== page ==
Building A Better Future Part I
In 1898, a movement began to erect a monument to the memory of our deceased soldiers and sailors who served their country in the civil war. It was to be made of marble or granite.
A few of the civil war veterans sought to divert the efforts to build a cold, useless column of granite and instead erect a more useful memorial, namely a public memorial library building.
Around this time Ottawa University began a campaign for subscriptions to erect a new building and the war the Spain was in full swing. Altogether it seemed poor time to ask for additional donations from the public. Due to this, the efforts to erect the building were put on hold until close to the end of the Spanish War.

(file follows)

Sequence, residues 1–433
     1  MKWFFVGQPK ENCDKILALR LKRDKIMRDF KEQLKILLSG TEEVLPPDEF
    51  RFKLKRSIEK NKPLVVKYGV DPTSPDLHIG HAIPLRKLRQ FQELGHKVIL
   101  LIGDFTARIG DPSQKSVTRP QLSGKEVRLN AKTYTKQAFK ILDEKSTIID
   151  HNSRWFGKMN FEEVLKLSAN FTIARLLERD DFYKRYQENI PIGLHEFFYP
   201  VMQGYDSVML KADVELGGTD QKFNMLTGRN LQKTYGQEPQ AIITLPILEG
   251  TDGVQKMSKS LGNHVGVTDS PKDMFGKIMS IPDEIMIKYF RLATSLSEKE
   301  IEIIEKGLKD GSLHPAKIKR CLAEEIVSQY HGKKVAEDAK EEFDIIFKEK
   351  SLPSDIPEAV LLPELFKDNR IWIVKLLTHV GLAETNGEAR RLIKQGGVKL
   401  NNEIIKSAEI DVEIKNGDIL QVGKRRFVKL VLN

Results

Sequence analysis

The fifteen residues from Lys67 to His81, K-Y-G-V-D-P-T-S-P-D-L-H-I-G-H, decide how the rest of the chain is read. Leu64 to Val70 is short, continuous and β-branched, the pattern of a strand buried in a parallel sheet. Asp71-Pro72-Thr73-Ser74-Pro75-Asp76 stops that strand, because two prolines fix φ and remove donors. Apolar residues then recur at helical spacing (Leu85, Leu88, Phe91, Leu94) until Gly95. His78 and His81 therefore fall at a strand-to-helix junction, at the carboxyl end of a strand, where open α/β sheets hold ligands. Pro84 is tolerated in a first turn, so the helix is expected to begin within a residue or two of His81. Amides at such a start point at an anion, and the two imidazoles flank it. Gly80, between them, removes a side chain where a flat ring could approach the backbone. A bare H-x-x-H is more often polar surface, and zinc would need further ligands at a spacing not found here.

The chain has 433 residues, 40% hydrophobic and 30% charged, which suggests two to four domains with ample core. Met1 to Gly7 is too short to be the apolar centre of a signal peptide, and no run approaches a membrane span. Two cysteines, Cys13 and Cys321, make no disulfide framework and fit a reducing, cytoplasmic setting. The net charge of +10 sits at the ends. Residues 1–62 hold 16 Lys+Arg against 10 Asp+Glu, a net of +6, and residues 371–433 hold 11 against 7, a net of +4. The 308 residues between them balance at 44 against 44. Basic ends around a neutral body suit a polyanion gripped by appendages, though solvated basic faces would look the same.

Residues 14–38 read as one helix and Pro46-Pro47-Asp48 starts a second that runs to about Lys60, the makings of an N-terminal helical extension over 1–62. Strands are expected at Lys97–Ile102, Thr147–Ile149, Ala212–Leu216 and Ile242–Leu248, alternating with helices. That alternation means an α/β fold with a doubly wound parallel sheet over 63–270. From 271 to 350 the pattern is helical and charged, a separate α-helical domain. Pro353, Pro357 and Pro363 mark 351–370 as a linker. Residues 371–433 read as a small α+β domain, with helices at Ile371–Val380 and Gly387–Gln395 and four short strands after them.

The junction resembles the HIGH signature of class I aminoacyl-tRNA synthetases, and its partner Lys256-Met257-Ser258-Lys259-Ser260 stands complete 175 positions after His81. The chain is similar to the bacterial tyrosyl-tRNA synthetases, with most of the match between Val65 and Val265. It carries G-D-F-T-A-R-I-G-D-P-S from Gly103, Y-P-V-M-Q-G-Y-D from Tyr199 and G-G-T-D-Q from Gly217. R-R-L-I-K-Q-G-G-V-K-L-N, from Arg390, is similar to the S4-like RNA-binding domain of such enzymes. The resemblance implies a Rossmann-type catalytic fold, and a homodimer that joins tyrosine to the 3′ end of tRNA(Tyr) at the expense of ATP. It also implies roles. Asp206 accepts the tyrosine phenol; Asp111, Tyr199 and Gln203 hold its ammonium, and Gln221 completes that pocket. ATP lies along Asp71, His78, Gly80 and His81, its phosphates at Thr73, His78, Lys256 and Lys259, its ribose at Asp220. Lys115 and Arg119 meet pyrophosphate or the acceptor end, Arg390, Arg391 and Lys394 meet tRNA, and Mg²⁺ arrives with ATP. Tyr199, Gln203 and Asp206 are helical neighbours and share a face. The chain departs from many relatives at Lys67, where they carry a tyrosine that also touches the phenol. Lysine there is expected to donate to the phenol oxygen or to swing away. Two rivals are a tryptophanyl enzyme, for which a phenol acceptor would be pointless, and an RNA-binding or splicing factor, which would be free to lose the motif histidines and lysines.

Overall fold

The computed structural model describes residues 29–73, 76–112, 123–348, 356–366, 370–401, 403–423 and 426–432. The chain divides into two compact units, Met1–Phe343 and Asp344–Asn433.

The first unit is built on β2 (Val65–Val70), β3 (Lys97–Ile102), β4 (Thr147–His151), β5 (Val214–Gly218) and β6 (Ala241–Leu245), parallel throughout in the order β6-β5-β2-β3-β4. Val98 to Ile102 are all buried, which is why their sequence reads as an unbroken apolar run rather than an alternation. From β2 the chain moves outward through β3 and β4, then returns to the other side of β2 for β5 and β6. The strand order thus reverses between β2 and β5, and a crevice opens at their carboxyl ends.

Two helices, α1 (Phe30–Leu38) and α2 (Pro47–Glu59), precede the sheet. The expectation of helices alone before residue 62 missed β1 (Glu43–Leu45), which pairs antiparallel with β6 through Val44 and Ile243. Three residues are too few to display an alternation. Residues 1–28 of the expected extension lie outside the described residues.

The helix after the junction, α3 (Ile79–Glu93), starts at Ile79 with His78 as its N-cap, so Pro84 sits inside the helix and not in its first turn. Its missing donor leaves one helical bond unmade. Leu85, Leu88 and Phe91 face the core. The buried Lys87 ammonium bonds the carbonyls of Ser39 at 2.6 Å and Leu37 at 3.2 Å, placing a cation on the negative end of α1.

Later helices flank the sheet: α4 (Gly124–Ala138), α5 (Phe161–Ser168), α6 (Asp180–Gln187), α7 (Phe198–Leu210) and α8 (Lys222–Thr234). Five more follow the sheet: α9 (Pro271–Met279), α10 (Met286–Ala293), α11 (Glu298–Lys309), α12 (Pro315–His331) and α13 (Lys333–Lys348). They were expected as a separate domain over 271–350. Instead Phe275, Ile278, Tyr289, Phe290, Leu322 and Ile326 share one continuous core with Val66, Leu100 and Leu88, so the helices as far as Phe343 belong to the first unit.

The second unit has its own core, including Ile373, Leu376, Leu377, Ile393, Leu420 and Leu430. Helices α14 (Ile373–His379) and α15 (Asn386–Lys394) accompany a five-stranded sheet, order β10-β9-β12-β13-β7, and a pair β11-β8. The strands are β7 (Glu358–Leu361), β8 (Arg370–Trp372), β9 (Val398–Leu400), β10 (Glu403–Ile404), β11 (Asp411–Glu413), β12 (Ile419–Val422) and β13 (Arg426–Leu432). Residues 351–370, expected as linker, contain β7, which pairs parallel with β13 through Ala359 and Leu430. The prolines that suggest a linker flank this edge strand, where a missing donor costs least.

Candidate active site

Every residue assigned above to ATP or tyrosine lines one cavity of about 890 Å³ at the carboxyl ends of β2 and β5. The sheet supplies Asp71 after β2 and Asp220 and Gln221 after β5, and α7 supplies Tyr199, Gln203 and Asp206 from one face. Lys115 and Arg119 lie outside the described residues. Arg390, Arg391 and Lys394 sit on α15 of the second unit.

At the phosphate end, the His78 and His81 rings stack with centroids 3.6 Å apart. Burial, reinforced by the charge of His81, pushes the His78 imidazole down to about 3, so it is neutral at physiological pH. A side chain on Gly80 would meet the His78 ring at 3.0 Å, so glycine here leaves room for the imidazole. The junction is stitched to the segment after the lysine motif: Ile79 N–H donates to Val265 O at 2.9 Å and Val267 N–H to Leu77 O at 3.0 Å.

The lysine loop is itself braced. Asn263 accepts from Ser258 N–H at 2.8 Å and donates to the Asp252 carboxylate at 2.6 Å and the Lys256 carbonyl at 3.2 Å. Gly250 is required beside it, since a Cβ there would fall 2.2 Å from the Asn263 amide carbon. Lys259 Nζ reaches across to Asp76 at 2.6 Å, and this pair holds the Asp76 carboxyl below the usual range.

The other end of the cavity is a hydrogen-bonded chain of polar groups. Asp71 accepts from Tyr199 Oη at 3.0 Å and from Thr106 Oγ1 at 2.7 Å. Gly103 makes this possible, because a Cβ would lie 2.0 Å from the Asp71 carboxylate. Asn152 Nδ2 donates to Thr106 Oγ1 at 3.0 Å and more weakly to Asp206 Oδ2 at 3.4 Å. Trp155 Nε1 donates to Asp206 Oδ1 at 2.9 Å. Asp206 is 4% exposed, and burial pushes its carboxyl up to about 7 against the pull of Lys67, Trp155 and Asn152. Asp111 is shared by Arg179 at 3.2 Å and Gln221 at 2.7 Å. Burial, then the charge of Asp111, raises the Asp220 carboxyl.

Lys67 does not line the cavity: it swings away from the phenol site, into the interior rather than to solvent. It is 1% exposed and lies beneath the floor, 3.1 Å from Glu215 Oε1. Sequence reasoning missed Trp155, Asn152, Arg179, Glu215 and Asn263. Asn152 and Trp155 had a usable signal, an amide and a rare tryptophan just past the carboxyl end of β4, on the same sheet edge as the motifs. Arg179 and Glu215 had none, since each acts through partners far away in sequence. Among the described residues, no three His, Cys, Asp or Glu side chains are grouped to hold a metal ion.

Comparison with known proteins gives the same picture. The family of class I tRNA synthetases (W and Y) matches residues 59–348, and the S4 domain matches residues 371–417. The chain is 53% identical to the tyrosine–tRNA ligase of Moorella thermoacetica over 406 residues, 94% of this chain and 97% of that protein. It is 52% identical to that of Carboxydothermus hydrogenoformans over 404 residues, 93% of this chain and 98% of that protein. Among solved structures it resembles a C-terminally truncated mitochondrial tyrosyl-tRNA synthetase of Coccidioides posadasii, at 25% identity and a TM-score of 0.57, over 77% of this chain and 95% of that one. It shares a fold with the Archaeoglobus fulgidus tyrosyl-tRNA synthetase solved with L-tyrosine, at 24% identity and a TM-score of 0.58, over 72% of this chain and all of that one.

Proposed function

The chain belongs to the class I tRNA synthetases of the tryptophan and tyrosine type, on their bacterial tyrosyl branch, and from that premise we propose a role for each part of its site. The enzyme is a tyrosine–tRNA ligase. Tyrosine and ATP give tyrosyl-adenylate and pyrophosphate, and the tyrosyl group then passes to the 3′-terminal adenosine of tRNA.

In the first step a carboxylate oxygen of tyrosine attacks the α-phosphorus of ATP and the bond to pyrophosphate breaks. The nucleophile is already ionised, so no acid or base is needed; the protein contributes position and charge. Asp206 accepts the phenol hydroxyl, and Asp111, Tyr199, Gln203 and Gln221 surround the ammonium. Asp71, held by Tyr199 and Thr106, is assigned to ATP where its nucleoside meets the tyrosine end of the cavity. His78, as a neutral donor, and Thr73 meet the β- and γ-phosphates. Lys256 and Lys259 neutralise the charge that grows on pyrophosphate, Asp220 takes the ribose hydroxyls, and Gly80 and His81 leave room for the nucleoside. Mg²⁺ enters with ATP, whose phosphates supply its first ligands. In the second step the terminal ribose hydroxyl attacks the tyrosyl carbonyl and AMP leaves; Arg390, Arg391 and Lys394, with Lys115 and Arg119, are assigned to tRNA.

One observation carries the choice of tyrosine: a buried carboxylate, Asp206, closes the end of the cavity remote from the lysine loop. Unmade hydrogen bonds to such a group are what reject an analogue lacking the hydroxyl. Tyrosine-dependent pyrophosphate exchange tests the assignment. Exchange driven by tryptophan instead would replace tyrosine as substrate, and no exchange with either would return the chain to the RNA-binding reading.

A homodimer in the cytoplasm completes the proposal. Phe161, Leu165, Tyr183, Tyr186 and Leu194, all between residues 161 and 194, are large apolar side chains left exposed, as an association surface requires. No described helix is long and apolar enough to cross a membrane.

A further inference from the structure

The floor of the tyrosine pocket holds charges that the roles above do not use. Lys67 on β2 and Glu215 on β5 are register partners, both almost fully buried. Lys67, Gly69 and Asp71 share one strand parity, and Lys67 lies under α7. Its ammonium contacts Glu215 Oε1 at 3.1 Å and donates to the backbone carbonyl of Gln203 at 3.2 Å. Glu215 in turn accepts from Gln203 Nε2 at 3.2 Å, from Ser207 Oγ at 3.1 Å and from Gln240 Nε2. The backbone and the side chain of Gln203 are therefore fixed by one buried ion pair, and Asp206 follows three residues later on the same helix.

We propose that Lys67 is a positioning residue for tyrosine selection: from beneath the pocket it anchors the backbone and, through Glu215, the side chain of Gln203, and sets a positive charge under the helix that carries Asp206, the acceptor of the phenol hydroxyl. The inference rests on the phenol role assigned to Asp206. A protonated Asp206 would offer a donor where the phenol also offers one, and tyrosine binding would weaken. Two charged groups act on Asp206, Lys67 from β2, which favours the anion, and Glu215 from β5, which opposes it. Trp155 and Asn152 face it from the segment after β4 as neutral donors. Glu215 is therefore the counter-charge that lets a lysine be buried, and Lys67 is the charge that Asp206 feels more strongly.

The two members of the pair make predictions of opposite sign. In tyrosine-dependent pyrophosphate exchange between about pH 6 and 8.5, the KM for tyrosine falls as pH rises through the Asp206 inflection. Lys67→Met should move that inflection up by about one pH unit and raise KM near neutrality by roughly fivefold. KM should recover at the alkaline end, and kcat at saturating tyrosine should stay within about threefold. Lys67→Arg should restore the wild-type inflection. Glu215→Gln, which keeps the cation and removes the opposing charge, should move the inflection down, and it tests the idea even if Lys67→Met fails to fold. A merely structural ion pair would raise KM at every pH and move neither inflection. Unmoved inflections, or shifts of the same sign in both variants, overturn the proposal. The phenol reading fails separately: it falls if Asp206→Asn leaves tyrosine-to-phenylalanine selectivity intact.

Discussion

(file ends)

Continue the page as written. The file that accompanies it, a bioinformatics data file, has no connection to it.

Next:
In the meantime, Mr. Andrew Carnegie, a Scottish-American steel magnate began making donations for public libraries in larger cities. Not wishing to allow this project to stagnate, local investor Horace J. Smith wrote to Mr. Carnegie in the hope of securing funding for the building. Initially this plea fell on deaf ears, as Mr. Carnegie responded that he had all of the library work he was interested in.
The project went dormant until two energetic and enthusiastic local ladies recommenced communications with Mr. Carnegie. The funds were eventually secured due, in no small part, to the unwavering diligence of Mrs. R. A. Wasson and Mrs. Dr. Black.
Check back next week as we discuss the design and details of the neo-classical Carnegie library building stand in City Park.
Information found in the October 28th, 1903 edition of The Ottawa Daily Republic